Preparing the accounts of your public limited company is a legal obligation, but it can seem like a daunting task. Here is a rundown of what you need to do.

Company accounts include the complete annual accounts (statutory) and the tax return of your company. Statutory accounts are annual financial documents prepared at the end of your business’ year and sent to shareholders, Companies House and HMRC as part of your income tax return.

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All limited companies must file their business accounts annually, although small businesses can send simpler accounts than their larger counterparts.

Please use this article only as a guide and obtain professional advice before preparing your accounts. You can review government guidelines on business accounts and talk to an accountant.

Company accounts due

Each company must send a copy of its accounts for each fiscal year to each member of the company and file their accounts with Companies House. Accounts you deposit with Companies House are publicly available.

Normally, the time frame for submitting accounts to Companies House for a private company is nine months from your Accounting Reference Date (ARD). Your ARD refers to the end of your exercise.

When you create your company, your financial year begins on the day of incorporation and your first accounting reference date will be one year later, the last day of the month of your incorporation. Your ARD will then be on that date each year. For example, if you incorporated your company on July 6, 2018, your first ARD will be July 31, 2019, then July 31 of each year.

Since you deliver business accounts nine months after your ARD, that means your first business accounts are not due until 21 months from the date you registered with Companies House (your first fiscal year, plus nine months).

There are penalties for filing your late report, ranging from £ 150 for filing less than one month late, to £ 1,500 for filing more than six months late.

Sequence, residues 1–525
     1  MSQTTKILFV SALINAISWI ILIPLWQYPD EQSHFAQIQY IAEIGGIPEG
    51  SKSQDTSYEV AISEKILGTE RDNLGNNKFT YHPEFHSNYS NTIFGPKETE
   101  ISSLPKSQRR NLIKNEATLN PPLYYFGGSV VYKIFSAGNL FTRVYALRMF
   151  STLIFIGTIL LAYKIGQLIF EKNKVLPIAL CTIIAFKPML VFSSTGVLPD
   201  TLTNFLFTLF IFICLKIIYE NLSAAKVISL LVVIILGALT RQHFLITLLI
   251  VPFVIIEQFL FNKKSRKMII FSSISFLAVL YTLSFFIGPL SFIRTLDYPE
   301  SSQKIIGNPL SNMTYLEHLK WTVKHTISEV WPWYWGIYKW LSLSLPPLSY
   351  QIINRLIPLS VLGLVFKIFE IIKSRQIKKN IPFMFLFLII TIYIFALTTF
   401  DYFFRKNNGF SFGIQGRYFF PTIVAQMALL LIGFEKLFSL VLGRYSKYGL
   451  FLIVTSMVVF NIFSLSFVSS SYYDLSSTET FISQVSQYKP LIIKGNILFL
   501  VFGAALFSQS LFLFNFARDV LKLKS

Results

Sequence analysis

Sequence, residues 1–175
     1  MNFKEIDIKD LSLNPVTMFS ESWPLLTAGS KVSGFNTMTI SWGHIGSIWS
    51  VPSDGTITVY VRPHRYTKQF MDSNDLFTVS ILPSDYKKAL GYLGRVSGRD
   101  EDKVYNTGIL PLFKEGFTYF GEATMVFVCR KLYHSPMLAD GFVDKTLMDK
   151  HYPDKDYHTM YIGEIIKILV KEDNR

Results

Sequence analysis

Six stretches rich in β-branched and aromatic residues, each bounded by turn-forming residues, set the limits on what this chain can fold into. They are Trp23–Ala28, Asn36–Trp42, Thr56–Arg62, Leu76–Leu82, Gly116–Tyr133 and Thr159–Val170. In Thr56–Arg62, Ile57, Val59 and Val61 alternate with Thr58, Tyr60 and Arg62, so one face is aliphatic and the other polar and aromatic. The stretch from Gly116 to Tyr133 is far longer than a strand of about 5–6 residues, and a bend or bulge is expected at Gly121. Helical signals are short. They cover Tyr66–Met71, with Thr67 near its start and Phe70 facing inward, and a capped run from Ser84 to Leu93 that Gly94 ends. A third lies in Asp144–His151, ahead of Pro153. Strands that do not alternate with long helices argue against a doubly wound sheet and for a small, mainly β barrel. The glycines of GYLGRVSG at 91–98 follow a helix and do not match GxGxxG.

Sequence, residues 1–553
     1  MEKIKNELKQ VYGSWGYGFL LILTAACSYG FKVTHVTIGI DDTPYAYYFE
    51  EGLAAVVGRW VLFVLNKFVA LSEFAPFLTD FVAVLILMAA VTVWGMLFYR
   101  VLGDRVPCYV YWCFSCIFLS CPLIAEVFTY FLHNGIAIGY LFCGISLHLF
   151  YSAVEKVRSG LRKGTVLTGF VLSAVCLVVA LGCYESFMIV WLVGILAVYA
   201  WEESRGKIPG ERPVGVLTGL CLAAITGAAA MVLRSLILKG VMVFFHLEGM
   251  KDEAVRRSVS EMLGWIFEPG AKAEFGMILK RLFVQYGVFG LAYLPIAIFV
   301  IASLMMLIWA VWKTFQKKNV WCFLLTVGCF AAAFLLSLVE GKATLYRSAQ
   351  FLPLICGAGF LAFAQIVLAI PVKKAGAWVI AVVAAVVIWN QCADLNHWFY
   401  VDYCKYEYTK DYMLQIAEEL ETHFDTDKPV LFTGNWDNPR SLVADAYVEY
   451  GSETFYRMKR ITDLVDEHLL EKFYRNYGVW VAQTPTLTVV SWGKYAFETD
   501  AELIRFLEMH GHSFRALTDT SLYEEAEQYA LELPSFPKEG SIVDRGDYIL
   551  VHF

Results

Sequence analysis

action Deadline
File first accounts with Companies House 21 months after registering with Companies House
Submit annual accounts Nine months after the end of your company’s financial year
Pay corporation tax (or tell HMRC you don’t owe any) Nine months and one day after the end of your company’s financial year for corporation tax
Filing the company’s income tax return 12 months after the end of your company’s financial year for corporation tax

You use your business accounts and your corporation tax return to determine the amount of corporation tax payable, but confusingly, corporation tax is due before your tax return on corporations.

How to Prepare Business Accounts for a Small Business

Statutory accounts include:

  • balance sheet, which shows the value of everything the business owns, owes and is owed
  • an income statement, which shows the company’s turnover, operating costs, and any profit or loss made during the year
  • notes on the accounts

Depending on the size of your business, you may also need to include a director’s report and an auditor’s report.

But if the government views your business as a small business or one micro entity, you may be able to send simpler ‘short’ accounts to Companies House and you will not need to be audited.